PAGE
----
What it the impact of all of those HITECH Act billions for EHR and HIE?

Frankly, none that I can see at a patient level as I spend time in the health care system dealing with a melanoma (from diagnosis to aftermath).

I still get clipboards with stacks of paper forms to fill out one at a time at each medical encounter. Even simple stuff like having my name and birthdate pre-populated are missing from the forms. The people who change the oil in my car can prepopulate forms – and none of them got “meaningful use” taxpayer loot!

The best I have had for online interactivity is some of the forms being available as downloadable PDF. I can’t fill anything out online and have it saved, of course. I can just fill out the PAPER FORMS in advance (though my wife can edit the PDFs and at least type in the info).

Each providers and hospital seems to offer me a different patient portal – none of which share records with the other. They are also missing critical data like pathology reports. Cancer patients NEED pathology reports.

The oncologist’s office today was CALLING MY WIFE THE MORNING OF THE APPOINTMENT to try to get a copy of my original biopsy report. This was an essential record for the appointment, but they didn’t have it the morning it was supposed to take place.

(I thought the days of patients needing to carry all of their paper records around were over.)

I was booked for a set of CT scans (pelvis, abdomen, chest, and neck) – and had to tell the oncologist that I had just had two of those scans done at the end of June (UTI hospitalization). Had I not spoken up I could have received an unneeded high dose of radiation.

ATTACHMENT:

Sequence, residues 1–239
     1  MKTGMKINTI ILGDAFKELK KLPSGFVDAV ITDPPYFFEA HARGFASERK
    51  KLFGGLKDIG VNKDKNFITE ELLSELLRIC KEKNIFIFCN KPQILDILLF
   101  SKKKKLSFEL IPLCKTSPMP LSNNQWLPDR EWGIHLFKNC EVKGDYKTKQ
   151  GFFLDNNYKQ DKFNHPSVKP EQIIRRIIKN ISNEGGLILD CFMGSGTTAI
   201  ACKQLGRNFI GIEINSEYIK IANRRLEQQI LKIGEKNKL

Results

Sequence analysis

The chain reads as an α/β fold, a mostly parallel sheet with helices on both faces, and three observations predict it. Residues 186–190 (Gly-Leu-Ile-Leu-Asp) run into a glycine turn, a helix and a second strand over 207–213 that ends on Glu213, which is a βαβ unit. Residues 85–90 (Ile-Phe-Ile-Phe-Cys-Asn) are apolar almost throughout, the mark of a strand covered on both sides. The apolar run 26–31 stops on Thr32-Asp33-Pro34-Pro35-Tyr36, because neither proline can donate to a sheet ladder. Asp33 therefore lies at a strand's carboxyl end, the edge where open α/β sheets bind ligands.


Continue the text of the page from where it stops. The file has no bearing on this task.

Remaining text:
The office staff of one of the providers was honest and told me the problem is that none of these EHR systems can actually talk to each other. So, each office asks for the same stuff over and over again, even if you have already given it to multiple other doctors and hospitals.

Now, I did get handed a sheet of paper with a basic summary of information I had given them earlier from — of all place — my eye doctor. It was labeled as being for “meaningful use”. Unfortunately the summary contained the same errors that I had corrected when updating info at the start of the appointment.

One doc was willing to send me a PDF of a biopsy report via email, while another refused to do it citing HIPAA. C’mon, it is 2014 and patients use email! I will supply whatever HIPAA authorizations are needed, but I want my information sent to me electronically. Paper hard copies are 1914, not 2014.

I could go on, but basically I can’t find much evidence anything has changed after all those billions. Epic and a handful of other big EHR vendors got a massive infusion of taxpayer funds. That seems to be the big benefit of all of the HITECH Act spending.

Basically, at the patient level, it is still a disconnected, isolated, largely paper-based world. I am still the backup for ensuring Doctor A knows what Doctor B is doing – and have started leaving copies of medical records in the back seat of the car in case anybody needs them.

The HITECH Act may end up a colossal flop and plummeting Stage 2 and 3 meaningful use participation rates demonstrate that the promise of HIT isn’t meshing with the reality.

My prescription: A good first step would be to have prefilled forms waiting at physician and hospital offices, as I get tired of spelling out my name, birthday, and the same information countless times. If the most expensive and high-tech health care system in the world can’t pre-populate forms, then it isn’t really interested in demonstrating patient convenience. But then, if they REALLY want to do a good thing, get their @#$# portals to consolidate into one system that lets me see all my medical crap at once. It would be like if Facebook required you to have a separate Facebook account for each site you visited!

UPDATE: I did get a portal via the oncologist run by McKesson that, after a SNAFU in setting up, did have lab data on it. Yes! A small victory for patient convenience!


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